Science was never my thing growing up. However, maybe if I was exposed to/had more science based stories, that mixed effortlessly fact and fiction, I might have gotten into things more. The titles (both due January 2024 and read via online reader copies) Angela’s Glacier and Climbing the Volcano would be the first two I would want to read.
Jordan Scott’s Angela’s Glacier is a unique way of telling us to “stop and smell the glacier.” Or for most of us, to stop and smell the roses. It is a sweet story of family and connection and growing up. The connection the Angela character has with her environment is important to not just her physical health, but her mental health and her soul’s health. Delightfully dream-like illustrations, done by Diana Sudyka, accent and support the story, plus they are their own character as well. The two elements are both separate and together, like the idea of “man” and “nature.” Things are done in a more romantic tone, but bring in some facts as well.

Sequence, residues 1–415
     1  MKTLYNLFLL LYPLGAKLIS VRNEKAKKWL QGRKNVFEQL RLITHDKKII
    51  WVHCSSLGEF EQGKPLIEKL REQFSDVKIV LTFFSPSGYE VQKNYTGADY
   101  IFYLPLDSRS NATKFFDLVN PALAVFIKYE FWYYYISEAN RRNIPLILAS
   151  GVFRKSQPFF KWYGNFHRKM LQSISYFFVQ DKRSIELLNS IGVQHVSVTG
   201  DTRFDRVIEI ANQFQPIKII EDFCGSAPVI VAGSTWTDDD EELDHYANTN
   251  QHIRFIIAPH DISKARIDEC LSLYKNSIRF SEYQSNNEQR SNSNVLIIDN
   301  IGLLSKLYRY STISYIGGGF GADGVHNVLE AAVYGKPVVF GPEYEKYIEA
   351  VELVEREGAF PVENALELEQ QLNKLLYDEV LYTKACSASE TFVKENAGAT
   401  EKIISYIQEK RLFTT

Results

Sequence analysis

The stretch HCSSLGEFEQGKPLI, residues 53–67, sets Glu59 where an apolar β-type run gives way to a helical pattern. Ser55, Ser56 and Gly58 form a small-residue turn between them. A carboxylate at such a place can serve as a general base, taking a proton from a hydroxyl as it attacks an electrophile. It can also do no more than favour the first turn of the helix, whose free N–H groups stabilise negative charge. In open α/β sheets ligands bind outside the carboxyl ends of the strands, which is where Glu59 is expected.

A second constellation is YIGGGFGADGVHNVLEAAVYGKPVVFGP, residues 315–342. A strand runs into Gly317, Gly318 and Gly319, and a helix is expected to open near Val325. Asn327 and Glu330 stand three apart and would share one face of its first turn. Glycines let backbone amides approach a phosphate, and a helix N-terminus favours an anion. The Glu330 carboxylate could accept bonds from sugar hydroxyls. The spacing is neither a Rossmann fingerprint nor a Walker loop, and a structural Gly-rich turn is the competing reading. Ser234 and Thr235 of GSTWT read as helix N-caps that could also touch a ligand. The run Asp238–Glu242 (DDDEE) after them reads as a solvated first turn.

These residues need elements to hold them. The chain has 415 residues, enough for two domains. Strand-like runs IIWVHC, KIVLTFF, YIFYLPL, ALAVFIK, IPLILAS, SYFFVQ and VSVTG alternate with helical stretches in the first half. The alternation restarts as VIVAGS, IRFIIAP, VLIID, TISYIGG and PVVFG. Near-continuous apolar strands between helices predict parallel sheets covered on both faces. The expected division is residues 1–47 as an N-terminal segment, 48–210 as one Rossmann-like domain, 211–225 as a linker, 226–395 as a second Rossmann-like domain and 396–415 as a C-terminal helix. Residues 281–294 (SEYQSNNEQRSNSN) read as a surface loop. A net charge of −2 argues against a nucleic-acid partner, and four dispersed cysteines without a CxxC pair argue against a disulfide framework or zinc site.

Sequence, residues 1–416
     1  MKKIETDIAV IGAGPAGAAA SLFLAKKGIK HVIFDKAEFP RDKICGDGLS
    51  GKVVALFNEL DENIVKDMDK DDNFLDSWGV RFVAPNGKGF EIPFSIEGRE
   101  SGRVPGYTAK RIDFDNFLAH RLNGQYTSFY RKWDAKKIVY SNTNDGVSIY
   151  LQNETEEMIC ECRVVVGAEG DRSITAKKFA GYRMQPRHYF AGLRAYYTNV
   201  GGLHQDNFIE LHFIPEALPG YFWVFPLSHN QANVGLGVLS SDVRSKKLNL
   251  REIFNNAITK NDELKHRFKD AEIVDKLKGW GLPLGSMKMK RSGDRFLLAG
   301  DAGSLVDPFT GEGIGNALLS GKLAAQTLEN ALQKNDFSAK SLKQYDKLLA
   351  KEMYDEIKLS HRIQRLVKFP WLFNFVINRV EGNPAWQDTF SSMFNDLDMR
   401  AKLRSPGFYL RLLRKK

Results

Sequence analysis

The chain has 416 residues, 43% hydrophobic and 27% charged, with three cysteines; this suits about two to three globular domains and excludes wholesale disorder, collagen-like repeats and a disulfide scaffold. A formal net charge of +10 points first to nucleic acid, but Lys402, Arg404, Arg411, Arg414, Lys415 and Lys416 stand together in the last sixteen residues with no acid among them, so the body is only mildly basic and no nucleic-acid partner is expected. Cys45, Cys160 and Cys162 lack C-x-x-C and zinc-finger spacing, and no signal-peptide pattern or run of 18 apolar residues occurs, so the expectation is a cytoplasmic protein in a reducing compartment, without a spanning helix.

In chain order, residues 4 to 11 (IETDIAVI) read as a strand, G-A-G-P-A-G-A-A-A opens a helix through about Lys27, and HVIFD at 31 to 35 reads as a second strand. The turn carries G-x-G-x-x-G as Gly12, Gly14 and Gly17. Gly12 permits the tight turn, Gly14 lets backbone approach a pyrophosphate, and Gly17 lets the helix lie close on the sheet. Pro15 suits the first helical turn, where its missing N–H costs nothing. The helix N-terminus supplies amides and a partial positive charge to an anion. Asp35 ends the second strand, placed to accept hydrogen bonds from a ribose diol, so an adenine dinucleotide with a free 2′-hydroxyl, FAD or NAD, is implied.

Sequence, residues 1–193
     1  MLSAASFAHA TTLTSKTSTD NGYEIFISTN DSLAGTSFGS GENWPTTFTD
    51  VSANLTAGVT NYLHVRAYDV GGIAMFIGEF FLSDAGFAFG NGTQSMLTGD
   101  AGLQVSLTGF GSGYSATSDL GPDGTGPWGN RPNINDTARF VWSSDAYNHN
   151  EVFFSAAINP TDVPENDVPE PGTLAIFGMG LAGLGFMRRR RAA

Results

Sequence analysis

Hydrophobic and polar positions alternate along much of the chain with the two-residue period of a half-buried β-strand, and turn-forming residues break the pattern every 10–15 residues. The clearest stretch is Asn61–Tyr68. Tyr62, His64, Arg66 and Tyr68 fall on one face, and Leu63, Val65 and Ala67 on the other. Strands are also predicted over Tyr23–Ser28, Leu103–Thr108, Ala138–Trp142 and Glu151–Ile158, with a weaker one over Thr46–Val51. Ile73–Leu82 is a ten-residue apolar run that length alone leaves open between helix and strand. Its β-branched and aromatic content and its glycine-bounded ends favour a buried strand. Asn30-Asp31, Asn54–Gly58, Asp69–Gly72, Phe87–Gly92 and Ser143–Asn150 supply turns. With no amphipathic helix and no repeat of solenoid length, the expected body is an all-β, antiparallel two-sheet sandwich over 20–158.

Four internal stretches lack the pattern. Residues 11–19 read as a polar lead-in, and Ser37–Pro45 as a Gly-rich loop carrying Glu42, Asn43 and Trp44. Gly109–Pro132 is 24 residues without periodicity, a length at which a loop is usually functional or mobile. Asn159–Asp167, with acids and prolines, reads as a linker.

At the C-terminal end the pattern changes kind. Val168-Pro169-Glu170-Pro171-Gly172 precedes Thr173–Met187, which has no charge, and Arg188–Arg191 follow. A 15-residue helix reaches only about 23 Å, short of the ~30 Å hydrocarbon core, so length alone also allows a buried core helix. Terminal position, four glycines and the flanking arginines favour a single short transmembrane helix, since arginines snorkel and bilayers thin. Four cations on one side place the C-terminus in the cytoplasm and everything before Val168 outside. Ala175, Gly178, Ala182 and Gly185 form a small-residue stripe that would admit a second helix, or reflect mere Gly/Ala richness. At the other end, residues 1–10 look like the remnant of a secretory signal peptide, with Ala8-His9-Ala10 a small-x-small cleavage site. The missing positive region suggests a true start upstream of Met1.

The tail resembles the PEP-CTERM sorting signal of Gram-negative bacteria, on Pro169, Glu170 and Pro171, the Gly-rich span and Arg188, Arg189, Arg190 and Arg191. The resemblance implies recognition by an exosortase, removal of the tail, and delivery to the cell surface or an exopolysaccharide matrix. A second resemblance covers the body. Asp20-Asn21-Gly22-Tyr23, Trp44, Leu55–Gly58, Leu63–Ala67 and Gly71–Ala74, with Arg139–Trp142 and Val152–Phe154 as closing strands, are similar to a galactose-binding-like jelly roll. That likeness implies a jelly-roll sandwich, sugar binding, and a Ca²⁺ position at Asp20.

And with Climbing the Volcano: A Journey in Haiku I can learn about volcanoes and the environment around them, while staying comfortable on my living room couch (since I ruined my favorite white pants on a hiking trip, I have not been a fan). Curtis Manley created haiku-like poems (unless I was reading them incorrectly the syllable count was off for some), and by grouping them together in the three line form and linking to each other in one large poem, we slowly walk up the volcano’s path, as the young narrator tells us what they see. And the seeing is created by illustrator Jennifer K. Mann. This artwork is sweet and the right details are used to support our story in a realistic but also slightly flowy way.